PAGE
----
Neuroethology of male courtship in Drosophila: From the gene to behavior

Daisuke Yamamoto, Kosei Sato, Masayuki Koganezawa

    Research output: Contribution to journalReview articlepeer-review

    30 Citations (Scopus)


    Neurogenetic analyses in the fruit fly Drosophila melanogaster revealed that gendered behaviors, including courtship, are underpinned by sexually dimorphic neural circuitries, whose development is directed in a sex-specific manner by transcription factor genes, fruitless (fru) and doublesex (dsx), two core members composing the sex-determination cascade. Via chromatin modification the Fru proteins translated specifically in the male nervous system lead the fru-expressing neurons to take on the male fate, as manifested by their male-specific survival or male-specific neurite formations. One such male-specific neuron group, P1, was shown to be activated when the male taps the female abdomen. Moreover, when artificially activated, P1 neurons are sufficient to induce the entire repertoire of the male courtship ritual. These studies provide a conceptual framework for understanding how the genetic code for innate behavior can be embodied in the neuronal substrate.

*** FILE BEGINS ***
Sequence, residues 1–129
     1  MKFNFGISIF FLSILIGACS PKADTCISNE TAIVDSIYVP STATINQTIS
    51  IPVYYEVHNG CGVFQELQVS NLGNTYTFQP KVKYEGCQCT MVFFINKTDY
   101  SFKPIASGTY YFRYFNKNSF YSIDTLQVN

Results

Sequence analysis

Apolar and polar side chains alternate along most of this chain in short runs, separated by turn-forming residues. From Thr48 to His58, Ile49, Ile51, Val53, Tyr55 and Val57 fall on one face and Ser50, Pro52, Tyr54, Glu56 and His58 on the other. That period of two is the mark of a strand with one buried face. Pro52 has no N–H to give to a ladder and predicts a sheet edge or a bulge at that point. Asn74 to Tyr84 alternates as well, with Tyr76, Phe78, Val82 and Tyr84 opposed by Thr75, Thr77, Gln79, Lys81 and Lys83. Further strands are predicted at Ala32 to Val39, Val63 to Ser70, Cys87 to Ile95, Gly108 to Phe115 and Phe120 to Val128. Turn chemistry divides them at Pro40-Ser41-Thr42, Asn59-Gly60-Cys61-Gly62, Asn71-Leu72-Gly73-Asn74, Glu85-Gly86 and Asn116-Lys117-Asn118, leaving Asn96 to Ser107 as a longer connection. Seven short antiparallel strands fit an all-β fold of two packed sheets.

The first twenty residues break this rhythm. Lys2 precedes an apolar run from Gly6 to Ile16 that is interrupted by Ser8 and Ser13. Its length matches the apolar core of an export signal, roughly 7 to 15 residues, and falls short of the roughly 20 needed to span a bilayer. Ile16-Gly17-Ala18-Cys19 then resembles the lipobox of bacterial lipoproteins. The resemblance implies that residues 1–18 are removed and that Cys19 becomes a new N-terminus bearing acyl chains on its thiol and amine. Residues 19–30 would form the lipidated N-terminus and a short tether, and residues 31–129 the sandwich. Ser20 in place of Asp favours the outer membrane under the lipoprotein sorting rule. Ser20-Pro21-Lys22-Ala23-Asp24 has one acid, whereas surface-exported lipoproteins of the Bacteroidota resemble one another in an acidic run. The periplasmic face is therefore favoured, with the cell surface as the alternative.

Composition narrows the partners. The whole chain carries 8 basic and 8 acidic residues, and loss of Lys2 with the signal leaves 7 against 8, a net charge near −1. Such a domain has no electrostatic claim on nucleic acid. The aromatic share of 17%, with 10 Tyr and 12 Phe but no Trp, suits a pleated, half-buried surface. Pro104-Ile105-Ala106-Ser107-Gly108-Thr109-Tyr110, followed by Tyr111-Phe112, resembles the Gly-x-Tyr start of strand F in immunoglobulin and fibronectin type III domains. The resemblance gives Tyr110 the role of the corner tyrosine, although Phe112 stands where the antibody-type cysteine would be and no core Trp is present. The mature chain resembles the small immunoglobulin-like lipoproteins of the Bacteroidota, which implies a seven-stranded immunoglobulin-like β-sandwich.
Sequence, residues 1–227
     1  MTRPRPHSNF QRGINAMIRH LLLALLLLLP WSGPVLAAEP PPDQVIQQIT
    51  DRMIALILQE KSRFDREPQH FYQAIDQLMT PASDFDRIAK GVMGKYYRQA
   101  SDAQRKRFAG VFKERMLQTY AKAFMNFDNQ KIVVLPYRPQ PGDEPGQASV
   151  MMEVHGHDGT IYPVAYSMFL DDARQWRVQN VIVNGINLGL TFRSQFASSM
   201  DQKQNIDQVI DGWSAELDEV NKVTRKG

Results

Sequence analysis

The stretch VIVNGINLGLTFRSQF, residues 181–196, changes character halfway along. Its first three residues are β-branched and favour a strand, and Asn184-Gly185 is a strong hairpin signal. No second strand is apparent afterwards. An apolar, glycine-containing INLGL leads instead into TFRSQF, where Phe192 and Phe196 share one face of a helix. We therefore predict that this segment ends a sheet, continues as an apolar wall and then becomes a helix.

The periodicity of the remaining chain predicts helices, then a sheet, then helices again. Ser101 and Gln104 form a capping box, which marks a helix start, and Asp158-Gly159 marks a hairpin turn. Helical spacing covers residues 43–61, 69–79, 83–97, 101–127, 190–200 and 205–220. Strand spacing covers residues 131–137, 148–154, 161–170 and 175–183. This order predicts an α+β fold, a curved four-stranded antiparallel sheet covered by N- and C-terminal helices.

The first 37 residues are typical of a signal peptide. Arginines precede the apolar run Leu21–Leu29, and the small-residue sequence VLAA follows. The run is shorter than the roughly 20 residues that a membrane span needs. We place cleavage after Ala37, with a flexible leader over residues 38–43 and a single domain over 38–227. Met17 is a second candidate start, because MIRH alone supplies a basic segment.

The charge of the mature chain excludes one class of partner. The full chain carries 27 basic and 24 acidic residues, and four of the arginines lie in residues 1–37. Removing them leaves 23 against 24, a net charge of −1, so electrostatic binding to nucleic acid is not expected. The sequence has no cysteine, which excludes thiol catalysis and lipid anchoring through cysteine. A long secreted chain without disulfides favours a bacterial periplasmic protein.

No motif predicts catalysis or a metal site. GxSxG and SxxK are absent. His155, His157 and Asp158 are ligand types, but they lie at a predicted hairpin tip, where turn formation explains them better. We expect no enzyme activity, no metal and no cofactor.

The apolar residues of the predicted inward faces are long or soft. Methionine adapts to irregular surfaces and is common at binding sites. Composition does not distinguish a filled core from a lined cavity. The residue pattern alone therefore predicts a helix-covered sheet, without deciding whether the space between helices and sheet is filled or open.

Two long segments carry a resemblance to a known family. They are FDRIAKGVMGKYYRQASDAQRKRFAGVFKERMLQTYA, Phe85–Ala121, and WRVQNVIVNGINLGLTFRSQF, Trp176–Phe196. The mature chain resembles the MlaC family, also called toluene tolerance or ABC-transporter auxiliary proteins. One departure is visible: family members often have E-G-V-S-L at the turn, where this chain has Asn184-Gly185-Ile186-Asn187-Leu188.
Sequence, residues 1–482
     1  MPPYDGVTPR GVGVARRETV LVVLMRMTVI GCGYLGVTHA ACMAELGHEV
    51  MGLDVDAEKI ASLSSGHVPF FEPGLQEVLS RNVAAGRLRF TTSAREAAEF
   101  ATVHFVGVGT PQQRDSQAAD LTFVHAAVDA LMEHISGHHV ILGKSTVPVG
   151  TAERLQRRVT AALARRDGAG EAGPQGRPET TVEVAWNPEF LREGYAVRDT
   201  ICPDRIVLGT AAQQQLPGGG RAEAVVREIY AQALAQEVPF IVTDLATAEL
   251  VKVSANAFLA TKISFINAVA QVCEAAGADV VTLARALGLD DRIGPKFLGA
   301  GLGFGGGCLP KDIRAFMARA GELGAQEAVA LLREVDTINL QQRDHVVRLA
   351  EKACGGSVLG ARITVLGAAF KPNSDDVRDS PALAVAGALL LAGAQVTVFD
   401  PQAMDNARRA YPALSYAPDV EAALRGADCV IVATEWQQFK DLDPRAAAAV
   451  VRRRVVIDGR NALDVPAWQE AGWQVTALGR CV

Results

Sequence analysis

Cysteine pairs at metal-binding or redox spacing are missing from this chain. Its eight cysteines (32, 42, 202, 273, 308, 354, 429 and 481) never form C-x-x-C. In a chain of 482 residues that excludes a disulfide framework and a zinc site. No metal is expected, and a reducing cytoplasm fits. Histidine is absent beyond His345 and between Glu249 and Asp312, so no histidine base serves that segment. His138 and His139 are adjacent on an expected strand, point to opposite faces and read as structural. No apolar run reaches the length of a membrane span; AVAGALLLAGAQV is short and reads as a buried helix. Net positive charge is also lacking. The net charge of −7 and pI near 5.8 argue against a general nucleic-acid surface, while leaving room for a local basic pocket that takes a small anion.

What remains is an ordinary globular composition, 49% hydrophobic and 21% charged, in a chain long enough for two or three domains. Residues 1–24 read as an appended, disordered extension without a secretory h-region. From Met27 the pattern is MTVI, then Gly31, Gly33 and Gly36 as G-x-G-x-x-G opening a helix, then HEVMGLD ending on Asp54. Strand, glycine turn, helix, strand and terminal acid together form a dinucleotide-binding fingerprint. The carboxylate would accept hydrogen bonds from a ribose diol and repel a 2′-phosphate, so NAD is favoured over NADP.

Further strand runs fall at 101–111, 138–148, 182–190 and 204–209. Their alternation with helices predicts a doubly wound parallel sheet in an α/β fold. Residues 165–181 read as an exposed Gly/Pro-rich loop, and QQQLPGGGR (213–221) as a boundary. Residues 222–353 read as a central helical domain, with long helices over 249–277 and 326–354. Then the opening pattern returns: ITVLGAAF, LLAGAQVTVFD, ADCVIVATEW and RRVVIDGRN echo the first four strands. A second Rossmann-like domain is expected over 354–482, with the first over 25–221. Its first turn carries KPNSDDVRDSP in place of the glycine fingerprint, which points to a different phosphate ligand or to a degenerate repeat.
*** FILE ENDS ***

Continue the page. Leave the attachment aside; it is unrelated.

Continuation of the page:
Original languageEnglish
    Pages (from-to)251-264
    Number of pages14
    JournalJournal of Comparative Physiology A: Neuroethology, Sensory, Neural, and Behavioral Physiology
    Issue number4
    Publication statusPublished - 2014 Apr


    • Chromatin
    • Identified neurons
    • Pheromones
    • Sexual dimorphism
    • fruitless

    ASJC Scopus subject areas

    • Ecology, Evolution, Behavior and Systematics
    • Physiology
    • Animal Science and Zoology
    • Behavioral Neuroscience


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